He was at the middle school from 1978 to 2003. The first year, he coached middle school football and track and field and freshman basketball. Then in 1979, he became the cross country head coach at the high school. He left that position after winning a sectional title but stayed with track and field and was able to coach his middle daughter, Kassie, and his son.

“It’s just something really special because you’re out of the classroom and you can really teach those kids a lot coaching, more than what people think,” Kovert said.

In 2003, there was an opening for a math teacher at the high school. After turning down offers twice, he finally agreed to take it.

Kovert said he did his best to make the classroom a fun environment.

“To be an effective teacher nowadays, I think you have to make it entertaining,” he said. “I’m not saying I’m going to dance or anything like that. I do think you have to make it entertaining when you teach, especially when you’re teaching math. The kids have got to enjoy your class. They’ve got to want to come to class.”

Every day, he made it a point to walk up and down the rows of desks in his classroom.

“If I just stand up here in front and teach and never go through there and interact with them, there will be some kids that won’t ever really know you,” Kovert said. “When I go up and down that row, you’re by them all of the time and you talk to them on a daily basis and you make jokes. … It makes them more at ease with you. I think the kids have got to be at ease with the teacher.”

Teaching at the high school has been special for Kovert with his wife, Peggy, teaching PE and health next door. She came to the high school a year before he did.

Then three years ago, that portion of the high school became known as Kovert’s Corner when their oldest daughter, Kallie, became a math teacher there after moving from the middle school.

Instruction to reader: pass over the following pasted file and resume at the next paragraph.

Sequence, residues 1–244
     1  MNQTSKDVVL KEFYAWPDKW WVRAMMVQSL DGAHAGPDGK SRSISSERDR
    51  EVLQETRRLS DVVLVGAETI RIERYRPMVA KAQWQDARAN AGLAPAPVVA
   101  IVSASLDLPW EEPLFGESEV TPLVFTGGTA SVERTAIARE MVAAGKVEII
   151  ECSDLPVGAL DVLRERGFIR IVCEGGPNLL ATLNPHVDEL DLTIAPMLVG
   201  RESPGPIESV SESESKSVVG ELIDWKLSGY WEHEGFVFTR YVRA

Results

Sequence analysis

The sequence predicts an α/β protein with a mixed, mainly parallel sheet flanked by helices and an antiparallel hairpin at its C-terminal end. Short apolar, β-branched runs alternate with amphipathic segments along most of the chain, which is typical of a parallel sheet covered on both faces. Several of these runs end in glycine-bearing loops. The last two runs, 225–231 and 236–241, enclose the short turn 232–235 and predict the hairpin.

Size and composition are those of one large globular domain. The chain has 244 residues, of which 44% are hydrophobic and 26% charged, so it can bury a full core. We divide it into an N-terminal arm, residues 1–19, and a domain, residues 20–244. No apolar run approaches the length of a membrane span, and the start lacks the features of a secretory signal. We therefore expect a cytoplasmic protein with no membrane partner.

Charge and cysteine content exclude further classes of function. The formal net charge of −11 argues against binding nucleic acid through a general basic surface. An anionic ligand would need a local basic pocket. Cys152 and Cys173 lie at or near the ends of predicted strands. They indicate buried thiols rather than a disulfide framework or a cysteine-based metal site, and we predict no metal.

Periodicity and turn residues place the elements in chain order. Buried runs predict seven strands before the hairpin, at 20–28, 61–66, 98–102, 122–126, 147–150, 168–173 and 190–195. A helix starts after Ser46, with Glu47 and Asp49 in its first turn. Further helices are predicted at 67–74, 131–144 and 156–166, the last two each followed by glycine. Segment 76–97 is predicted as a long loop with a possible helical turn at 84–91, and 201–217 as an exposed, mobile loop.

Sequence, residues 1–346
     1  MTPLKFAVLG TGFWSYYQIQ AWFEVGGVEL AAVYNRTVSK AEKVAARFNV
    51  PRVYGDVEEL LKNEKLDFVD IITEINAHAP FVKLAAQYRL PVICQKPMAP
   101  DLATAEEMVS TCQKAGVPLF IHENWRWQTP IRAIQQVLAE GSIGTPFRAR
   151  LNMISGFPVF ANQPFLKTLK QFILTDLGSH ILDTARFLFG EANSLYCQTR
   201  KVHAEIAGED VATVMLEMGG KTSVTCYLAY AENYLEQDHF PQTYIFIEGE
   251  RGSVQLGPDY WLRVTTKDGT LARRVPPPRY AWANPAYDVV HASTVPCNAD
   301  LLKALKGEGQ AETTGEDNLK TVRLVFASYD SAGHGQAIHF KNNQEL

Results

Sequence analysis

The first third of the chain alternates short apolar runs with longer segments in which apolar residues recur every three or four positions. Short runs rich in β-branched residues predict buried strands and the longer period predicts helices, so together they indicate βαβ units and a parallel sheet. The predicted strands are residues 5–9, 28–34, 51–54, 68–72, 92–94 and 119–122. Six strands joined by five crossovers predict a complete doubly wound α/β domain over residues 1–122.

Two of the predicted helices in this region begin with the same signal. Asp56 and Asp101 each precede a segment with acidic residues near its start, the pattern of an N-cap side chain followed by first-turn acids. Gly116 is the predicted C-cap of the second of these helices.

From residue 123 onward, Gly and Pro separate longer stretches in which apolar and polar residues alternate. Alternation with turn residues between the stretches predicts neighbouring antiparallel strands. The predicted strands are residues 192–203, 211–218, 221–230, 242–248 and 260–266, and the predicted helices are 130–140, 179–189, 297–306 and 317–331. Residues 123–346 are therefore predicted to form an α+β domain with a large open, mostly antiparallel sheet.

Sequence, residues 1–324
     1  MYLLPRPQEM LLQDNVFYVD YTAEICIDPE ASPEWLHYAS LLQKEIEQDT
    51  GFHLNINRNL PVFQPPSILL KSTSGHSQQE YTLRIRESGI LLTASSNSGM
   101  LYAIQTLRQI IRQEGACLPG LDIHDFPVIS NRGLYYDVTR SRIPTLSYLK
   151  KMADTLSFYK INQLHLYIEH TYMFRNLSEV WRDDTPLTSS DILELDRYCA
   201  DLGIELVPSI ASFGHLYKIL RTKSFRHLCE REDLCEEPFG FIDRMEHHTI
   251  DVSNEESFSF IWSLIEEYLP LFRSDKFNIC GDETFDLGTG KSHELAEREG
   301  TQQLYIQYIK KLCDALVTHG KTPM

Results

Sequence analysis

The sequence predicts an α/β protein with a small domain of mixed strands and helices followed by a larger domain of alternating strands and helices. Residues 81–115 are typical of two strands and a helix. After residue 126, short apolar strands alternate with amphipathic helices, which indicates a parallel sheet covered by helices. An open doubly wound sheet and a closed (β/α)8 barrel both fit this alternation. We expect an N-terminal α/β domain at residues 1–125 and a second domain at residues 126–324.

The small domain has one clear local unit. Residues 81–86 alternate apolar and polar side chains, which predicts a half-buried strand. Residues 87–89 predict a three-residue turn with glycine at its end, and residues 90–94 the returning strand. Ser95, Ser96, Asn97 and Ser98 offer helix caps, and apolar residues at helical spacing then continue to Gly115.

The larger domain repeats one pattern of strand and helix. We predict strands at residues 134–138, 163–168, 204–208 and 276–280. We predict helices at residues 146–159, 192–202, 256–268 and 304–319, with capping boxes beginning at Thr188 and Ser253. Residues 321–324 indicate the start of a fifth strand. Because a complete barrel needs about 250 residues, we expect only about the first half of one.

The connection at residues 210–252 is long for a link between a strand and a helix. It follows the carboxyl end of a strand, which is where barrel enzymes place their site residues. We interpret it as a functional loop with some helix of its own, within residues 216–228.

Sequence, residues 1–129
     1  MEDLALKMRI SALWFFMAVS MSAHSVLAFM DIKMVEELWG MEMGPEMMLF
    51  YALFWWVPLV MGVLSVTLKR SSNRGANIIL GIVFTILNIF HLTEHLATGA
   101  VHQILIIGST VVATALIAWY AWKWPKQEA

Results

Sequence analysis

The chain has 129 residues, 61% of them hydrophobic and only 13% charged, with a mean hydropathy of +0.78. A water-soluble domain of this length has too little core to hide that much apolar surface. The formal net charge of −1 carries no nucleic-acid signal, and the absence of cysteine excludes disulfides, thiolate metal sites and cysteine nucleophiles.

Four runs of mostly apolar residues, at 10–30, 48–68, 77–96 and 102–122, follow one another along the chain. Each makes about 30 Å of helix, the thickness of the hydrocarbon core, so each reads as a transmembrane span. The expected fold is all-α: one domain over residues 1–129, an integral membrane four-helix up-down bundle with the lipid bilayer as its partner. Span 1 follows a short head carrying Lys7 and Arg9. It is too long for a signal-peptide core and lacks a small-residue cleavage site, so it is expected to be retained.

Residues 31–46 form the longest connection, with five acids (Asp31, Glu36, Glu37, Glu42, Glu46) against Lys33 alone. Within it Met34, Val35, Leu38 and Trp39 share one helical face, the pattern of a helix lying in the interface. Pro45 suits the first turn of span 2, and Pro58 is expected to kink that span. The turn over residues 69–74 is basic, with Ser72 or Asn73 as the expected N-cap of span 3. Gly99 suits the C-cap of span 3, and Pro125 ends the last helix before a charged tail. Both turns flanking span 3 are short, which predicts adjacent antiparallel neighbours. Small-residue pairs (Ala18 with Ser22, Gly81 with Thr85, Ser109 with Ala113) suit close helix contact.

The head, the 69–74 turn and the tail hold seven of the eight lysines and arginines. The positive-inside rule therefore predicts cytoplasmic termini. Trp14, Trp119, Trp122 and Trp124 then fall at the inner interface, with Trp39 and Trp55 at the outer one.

“We didn’t plan these rooms out. It just worked out that way,” he said. “It’s really no different because when we’re out at the farm, we’re working together all of the time anyway.”

Now that Rex has retired, Kallie will be taking over for him. Peggy is remaining as a teacher, too.

The decision to retire, however, was not an easy one.

“I always thought when you retired, that would be the happiest day of your life, but it really wasn’t because I really wanted to keep going,” Rex said.

He wanted to teach for at least two more years, but there is a lot of work to do on the farm, including handling corn, soybeans and hay and running a registered Angus herd.

“When we’re doing embryos and all of this work and messing with cows on a daily basis, we get up at 5 and we quit at dark, and 14 or 15 hours a day, I can’t handle it anymore. I’m just tired all of the time,” he said.

Farming always has been enjoyable during the summer break from teaching, Rex said. But now, that will be his only job.

“When we sell these calves, we have to halter break them. It’s a daily grind, and I’ll still be busy. I’m not worried about that,” he said. “When I’m here (at school), as soon as I walk out that door, I just feel like I’m so far behind. … It’s very expensive, so I really needed to stay here, but I just can’t do it anymore.”

Kovert will be 63 this summer and said he thought he could keep doing both jobs for a couple more years, but he decided now is the right time to retire.

“It just came to a point to where I’m not really retiring. I’m eliminating one job,” he said, smiling.

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Name: Rex Kovert

Age: 62

Hometown: Crothersville

Residence: Crothersville

Education: Crothersville High School (1974); Ball State University (bachelor’s degree in mathematics with a physical education minor, 1978); Indiana University (master’s degree in education, 1980)

Occupation: Recently retired after teaching for 41 years with Brownstown Central Community School Corp.

Family: Wife, Peggy Kovert; daughters, Kallie (Dustin) Roller and Kassie (Matt) Michel; son, Kory Kovert; grandsons, Allen Roller, Alex Roller and Henry Michel